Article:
Jacob Stern’s harrowing look for The Atlantic at the mental health aftermath of California wildfires had me thinking again about autism and trauma, which came to mind a bit ago when I was being struck by all those realizations about having autobiographical memory deficiencies.
Psychologists sometimes say that trauma gets burned into the mind, like the imprint of a branding iron, and in a way it does. In truth, though, trauma is not so much a scorch mark as a flame, flaring up and dying down, inconstant. It burns in the mind. And just as some materials burn more readily than others, so too do some minds.
Part of this is genetic. Another part is cognitive. But a growing body of research has also linked vulnerability with prior exposure. “When traumas accumulate over time,” says the Alaska Network on Domestic Violence and Sexual Assault, “they may be associated with more severe and complex psychological reactions.” For an alcoholic or a battered partner or a victim of sexual abuse, this means a heightened risk of serious mental-health problems. And if another disaster strikes—say, a pandemic—the risk rises higher still.
It got me thinking about how much worse would be the mini-traumas (I’m trying to find the language to describe what I try to get at when I talk about autism and trauma in a way that doesn’t seem like I’m trying to complete with what I keep wanting to call real trauma) my autistic brain experiences if I wasn’t memory deficient, aphantasically incapable of retrospective visualization.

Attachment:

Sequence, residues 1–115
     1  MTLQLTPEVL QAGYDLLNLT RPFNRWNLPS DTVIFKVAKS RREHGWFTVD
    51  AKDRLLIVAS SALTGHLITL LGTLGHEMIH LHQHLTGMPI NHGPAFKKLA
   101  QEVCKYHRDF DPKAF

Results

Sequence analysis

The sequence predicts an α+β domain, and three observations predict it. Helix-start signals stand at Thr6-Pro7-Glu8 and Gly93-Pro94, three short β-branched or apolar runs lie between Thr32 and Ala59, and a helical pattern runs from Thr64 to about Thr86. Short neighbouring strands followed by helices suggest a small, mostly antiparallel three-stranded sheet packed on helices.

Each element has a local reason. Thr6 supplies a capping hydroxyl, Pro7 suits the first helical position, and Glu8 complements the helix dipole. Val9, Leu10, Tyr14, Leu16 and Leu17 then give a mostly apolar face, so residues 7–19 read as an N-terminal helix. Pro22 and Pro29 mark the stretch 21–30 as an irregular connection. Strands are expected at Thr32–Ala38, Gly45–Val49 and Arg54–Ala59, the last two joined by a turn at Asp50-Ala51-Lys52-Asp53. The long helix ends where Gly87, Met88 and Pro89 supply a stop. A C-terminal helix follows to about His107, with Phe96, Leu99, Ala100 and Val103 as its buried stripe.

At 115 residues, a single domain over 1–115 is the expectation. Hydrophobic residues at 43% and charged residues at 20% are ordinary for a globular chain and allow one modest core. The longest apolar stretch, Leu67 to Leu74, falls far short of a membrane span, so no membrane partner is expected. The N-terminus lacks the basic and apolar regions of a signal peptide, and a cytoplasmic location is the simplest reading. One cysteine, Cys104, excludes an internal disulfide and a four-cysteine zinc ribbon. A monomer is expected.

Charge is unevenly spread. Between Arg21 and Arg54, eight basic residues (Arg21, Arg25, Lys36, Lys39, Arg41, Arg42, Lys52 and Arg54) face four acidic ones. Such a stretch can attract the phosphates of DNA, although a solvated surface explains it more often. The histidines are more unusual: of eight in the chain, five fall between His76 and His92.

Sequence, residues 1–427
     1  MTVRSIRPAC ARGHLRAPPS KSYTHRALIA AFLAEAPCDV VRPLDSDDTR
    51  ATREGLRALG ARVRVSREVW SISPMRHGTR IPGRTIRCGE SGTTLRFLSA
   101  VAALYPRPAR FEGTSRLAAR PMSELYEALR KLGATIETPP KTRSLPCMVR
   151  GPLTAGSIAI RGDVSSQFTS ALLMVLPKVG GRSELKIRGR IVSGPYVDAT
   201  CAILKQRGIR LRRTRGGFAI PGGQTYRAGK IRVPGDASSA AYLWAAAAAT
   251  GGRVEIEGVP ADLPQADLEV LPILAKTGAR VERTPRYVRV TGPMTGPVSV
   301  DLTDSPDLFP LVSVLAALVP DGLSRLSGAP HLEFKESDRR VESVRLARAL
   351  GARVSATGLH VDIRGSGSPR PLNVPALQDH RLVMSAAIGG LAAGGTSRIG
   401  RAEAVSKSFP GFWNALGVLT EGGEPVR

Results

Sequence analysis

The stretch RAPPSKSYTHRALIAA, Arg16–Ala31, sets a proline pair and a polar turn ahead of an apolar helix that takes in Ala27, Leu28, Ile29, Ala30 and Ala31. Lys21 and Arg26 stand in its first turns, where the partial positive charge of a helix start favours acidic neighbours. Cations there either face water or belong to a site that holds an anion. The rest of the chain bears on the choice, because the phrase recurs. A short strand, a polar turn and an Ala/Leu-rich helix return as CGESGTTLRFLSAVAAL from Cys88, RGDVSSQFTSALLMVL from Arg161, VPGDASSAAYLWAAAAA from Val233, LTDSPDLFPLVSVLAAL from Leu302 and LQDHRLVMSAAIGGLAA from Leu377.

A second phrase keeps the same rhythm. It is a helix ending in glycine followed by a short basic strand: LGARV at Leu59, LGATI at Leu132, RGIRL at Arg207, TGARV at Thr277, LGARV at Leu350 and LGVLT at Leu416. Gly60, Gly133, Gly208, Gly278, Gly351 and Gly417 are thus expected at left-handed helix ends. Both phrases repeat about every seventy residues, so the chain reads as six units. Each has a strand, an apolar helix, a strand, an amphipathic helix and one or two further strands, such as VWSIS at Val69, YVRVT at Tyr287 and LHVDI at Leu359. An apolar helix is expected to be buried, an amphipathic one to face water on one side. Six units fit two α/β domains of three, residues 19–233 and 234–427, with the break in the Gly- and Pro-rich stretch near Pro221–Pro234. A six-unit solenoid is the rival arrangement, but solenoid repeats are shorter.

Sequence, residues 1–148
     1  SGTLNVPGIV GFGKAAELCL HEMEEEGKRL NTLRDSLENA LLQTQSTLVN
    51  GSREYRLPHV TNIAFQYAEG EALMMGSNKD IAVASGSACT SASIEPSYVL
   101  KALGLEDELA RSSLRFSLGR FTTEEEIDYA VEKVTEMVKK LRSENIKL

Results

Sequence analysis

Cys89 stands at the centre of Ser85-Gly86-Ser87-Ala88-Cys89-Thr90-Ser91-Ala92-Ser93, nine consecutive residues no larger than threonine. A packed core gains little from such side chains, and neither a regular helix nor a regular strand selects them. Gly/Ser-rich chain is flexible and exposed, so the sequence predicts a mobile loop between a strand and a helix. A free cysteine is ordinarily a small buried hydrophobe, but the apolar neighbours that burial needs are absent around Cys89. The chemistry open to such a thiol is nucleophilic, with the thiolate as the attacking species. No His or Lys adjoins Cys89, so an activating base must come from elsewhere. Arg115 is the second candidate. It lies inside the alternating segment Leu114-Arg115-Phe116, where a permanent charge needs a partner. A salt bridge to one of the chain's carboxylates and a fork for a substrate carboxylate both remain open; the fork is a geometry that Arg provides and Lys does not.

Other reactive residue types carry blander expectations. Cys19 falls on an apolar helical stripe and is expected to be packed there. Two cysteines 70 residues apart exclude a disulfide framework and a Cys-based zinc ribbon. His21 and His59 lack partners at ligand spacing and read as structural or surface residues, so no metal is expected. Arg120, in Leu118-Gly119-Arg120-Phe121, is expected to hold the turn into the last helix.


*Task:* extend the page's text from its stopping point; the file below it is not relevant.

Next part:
What I mean is that the little traumas suffered by my particular autistic brain aren’t attached to actual stored memories of the traumatic stimuli themselves. Rather, it’s like my, for example, sensory pathways are ridden with potholes caused by such stimuli. When new stimuli has to travel those same pathways, well, it’s much like you don’t need ever before to have driven down a road in order to suffer the bumps and bruises of its potholes. For all intents and purposes, my not having any true experiential memory of things is akin to not having driven that road before (even though, technically and actually, I have).
So I can’t imagine having to suffer not just the potholes themselves but the sense-memory of the trauma that put them there in the first place.
It was in my mind mainly because I was trying to understand how these mini-traumas the autistic brain is beset by could really cause a kind of accumulation of bad feeling, and how new stimuli could “recall” earlier such traumas if the memory parts of that same brain can’t actually recall those earlier traumas.
For some reason this Atlantic piece, for entirely indirect and just sort of quasi-associational reasons, made me realize that trauma effectively causes stimulus pathway damage, whether or not you actually can remember that damage being done.